Baseband is an important market right now. Companies are increasingly pairing communications chips with processors to offer smaller, more power-efficient, all-in-one solutions. The early leader in this market is Qualcomm, but like Broadcom, other companies are going shopping to catch up. Intel spent $1.4 billion to acquire Infineon's wireless unit last year. Just last month, NVIDIA (Nasdaq: NVDA) announced its largest acquisition ever -- a $367 million deal for baseband specialist Icera -- to better position itself in the connectivity market.

With all the added competition in the market, it wouldn't be surprising to see Broadcom make another acquisition of its own. Finding a company that could add processor-design expertise seems like a logical next move for the company.

Final thoughts
Broadcom is diversified across several communications markets and is the market-share leader in many. That's an enviable position, but as we've seen, the company must also spend heavily to defend its top-dog status.

As investors watch Broadcom over the next few years, they should keep an eye on its valuation. Although Broadcom has tremendous operating cash flow, if you factor in the cost of acquisitions and capital expenditures and subtract stock-based compensation from cash flows, the company has generated only about $1.1 billion in free cash flow over the past five years. Not exactly an impressive sum for a company worth nearly $16 billion.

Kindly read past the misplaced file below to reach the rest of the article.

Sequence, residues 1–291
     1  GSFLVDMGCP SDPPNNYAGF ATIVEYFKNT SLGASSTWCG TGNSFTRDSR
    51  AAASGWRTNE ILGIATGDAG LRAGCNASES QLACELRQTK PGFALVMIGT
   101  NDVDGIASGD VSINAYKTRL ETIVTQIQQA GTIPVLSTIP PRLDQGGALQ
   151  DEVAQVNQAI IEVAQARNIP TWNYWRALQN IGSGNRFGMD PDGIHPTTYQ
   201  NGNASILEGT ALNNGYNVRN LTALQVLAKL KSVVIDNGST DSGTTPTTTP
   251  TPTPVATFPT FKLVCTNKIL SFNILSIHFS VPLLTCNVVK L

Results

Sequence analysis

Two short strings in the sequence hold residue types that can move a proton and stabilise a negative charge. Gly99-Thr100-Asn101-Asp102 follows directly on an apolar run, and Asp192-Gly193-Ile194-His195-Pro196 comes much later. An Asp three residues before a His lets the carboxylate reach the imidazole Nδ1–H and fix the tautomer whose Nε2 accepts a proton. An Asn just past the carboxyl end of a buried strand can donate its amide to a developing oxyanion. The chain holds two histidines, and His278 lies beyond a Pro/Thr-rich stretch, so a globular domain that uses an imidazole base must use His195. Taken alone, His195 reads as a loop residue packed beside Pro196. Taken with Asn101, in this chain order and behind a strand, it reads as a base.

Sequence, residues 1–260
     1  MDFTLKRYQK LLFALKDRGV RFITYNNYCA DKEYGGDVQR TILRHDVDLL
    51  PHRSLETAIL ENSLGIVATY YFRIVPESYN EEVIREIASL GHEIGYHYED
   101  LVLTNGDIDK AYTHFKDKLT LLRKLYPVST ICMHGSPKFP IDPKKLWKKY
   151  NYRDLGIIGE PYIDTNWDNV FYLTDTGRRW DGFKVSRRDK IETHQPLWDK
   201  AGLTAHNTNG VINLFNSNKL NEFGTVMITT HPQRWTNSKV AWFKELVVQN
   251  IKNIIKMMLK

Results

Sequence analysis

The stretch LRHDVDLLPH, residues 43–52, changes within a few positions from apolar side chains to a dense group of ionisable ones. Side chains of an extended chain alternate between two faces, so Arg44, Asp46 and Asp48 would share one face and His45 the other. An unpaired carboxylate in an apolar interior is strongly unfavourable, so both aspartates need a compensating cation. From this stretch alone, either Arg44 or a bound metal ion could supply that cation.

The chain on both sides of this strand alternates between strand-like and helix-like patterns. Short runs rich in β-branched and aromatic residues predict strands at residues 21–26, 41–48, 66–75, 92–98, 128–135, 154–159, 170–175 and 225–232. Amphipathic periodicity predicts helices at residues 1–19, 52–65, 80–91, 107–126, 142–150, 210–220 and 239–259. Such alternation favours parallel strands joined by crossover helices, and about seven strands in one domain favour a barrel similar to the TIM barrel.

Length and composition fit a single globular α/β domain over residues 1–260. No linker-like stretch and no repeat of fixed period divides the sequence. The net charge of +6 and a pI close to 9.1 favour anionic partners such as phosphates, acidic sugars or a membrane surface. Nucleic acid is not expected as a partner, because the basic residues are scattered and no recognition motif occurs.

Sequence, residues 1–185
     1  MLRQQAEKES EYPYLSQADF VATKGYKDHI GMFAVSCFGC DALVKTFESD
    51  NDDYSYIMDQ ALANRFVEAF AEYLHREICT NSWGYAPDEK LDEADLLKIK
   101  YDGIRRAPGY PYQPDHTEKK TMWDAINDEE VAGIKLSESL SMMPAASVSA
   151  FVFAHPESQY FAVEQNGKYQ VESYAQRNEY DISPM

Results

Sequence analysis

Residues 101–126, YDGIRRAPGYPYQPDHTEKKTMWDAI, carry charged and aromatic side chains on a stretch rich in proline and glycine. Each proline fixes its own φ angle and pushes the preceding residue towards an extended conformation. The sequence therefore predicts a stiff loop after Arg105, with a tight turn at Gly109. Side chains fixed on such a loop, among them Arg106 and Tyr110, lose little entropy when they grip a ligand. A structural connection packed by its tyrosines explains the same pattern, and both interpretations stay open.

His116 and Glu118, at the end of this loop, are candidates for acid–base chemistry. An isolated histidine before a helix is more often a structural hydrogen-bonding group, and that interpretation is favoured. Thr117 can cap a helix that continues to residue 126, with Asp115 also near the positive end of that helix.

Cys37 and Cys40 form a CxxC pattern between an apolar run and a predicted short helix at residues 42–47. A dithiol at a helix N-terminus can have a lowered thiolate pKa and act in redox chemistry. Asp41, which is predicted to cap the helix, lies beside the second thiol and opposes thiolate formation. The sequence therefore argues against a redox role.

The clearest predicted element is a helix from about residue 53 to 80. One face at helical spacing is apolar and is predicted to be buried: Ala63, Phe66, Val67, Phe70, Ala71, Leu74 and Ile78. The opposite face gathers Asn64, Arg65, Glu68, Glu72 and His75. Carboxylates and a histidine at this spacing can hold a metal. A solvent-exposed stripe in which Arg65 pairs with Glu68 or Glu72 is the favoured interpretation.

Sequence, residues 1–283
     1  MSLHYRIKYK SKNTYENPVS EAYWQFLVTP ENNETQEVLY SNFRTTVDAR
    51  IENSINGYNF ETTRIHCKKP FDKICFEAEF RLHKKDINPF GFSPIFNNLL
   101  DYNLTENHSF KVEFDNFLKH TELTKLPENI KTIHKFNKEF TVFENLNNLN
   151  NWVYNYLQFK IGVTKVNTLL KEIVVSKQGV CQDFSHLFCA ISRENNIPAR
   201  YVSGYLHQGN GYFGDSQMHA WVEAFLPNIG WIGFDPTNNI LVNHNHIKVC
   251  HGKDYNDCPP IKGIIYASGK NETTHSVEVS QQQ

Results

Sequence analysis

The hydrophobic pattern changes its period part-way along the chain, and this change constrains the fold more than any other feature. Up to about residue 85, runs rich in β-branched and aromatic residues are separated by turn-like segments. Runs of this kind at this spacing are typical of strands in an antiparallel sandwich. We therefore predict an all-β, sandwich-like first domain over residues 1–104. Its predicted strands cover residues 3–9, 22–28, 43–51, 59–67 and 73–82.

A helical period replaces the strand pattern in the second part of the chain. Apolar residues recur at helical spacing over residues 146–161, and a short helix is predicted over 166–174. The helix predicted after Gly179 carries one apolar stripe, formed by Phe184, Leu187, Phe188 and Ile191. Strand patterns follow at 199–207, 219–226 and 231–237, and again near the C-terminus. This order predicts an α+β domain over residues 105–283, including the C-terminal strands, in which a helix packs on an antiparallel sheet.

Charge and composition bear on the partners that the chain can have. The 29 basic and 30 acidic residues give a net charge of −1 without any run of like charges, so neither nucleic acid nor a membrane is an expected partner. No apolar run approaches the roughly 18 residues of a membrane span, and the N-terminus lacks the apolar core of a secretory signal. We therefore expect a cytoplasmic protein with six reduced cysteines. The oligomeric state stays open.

Fortunately for Broadcom, Wall Street seems content to value the company around its reported earnings. However, the figure does raise a warning flag for investors that the company's ability to continually produce cash might not be as great as a glance at its impressive operating cash flows might indicate.

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Eric Bleeker owns shares of NVIDIA. The Motley Fool owns shares of Marvell Technology Group, Microsoft, IBM, Intel, and Qualcomm and has bought calls on Intel. Motley Fool newsletter services have recommended buying shares of Intel, NVIDIA, and Microsoft, writing puts in NVIDIA, and creating diagonal call positions in Microsoft and Intel. Try any of our Foolish newsletter services free for 30 days. We Fools don't all hold the same opinions, but we all believe that considering a diverse range of insights makes us better investors. The Motley Fool has a disclosure policy.